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Where to find the UK's smallest bird

Please join your local wildlife trust today

Please join your local wildlife trust today

Please join your local wildlife trust today

Posted: Thursday 14th June 2018 by Bernwood Project

GoldcrestGoldcrest by Margaret Holland

Finemere Wood is bursting with life: grasses, shrubs and trees are growing at an astonishing rate; flowers bloom, a new floral joy for every visit; butterflies and bees are bountiful and birdsong tells of extensive avian populations.

Charlotte KarmaliWritten by Charlotte Karmali

Volunteer Warden at Finemere Wood, Bucks



Rising before dawn, one May morning, I joined a group of bleary eyed bird enthusiasts to listen to the dawn chorus. Our knowledgeable guides led us slowly around the wood, patiently helping us to tune in to the birds. This is not an easy task for the untrained ear amidst a cacophony of birdsong.


The goldcrest (Regulus regulus): The UK’s smallest bird, measuring just 9cm long, is smaller even than a wren; a dull olive green with a conspicuous, black-bordered “gold” crest stripe on its crown, this crest is orange in males and yellow in females; its thin beak, ideal for picking insects and spiders out from between pine needles. Common and widespread across the country, it can be seen throughout the year, there being both resident and migrant populations.



This tiny bird is energetic and nests at the top of tall, mature coniferous trees. Vast numbers of conifers were planted at Finemere Wood by the Forestry Commission in the 1960s. Many of them have been removed to allow this ancient woodland to regenerate. But small patches remain to provide this important habitat for the goldcrest in particular.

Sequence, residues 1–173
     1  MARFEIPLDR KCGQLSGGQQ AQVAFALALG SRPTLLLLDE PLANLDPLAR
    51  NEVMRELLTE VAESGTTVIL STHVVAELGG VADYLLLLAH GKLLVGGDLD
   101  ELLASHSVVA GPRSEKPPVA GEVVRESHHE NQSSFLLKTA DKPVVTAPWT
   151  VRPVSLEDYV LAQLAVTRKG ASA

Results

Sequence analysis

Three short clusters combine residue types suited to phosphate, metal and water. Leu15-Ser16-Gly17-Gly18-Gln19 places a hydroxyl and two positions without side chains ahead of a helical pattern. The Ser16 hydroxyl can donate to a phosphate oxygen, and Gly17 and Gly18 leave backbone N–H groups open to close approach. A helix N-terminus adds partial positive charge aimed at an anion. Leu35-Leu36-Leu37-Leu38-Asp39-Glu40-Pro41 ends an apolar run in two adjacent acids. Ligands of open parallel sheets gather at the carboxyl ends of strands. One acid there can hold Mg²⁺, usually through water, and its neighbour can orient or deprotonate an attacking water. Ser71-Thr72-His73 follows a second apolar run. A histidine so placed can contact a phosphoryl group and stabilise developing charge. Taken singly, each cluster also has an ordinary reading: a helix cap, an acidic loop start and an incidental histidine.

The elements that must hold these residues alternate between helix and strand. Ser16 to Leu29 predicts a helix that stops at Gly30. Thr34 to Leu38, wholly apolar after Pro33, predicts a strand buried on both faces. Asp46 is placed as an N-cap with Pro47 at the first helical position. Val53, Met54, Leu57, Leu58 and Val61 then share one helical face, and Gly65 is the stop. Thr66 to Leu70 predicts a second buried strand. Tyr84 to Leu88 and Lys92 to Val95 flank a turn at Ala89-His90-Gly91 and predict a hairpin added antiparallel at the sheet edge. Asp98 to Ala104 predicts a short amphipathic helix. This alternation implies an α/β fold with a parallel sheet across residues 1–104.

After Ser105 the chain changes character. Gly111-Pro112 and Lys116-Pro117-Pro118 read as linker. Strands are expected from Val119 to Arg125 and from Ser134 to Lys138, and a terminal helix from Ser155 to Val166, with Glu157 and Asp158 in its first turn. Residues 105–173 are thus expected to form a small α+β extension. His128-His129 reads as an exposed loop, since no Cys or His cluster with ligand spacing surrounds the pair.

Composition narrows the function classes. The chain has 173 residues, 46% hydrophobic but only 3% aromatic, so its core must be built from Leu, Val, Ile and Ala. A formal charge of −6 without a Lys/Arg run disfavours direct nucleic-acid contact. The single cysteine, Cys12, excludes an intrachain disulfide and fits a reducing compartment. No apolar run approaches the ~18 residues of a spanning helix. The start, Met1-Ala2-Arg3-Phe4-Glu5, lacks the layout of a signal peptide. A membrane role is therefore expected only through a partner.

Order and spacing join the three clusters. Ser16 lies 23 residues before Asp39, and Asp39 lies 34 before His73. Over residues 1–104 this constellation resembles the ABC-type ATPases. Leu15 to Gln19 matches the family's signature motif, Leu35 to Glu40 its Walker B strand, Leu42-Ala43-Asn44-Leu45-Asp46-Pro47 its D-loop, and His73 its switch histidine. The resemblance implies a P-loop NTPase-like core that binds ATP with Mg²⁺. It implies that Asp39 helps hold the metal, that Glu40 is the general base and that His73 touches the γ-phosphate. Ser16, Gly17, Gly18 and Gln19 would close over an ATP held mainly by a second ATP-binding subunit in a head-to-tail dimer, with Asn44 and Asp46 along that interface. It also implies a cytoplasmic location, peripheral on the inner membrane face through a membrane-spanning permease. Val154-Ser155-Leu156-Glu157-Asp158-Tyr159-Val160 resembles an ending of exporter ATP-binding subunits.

I have never seen one of these birds in Finemere Wood. Difficult to spot amongst the tree tops, its song is often all you have to go on. A call so high pitched, many cannot hear it, but to my delight I managed to pick it out and was thrilled to realise that the goldcrest population is thriving here.

The goldcrest was just one of 20 species of bird we heard singing that morning. With a dense woodland canopy where birds are hard to spot, being able to recognise birdsong opens up a whole new world of discovery. It was fantastic to hear that such a variety of birds take up residence here in this magnificent wood.

The Finemere Wood volunteers, meanwhile, soldier on. It is the time of year for cutting grassy areas and clearing pathways. Brushcutters, scythes and rakes are out in force as we try to keep the wood accessible to visitors. It is a never ending task, but so long as I feed them cake, I rarely hear a complaint from the group!

Finemere Wood volunteers

Come and join us in this biodiverse haven

  • Contact Charlotte at charlottekarmali@outlook.com to join the Finemere Wood volunteer group.
  • Next volunteer group date: Thursday 28 June, Thursday 12 July, Thursday 26 July, 9.30am-3pm.
  • The Calvert Jubilee volunteer group meets on the third Thursday of the month. Contact Clive at omgitsclive@gmail.com or on 07917 007055 for further information. 
  • Have you visited Finemere Wood? Share your photos with us on Twitter and Facebook.
  • Sign up to our e-newsletter to stay up-to-date with all our news and tips on how to help local wildlife.

Read Bernwood Project's latest blog entries.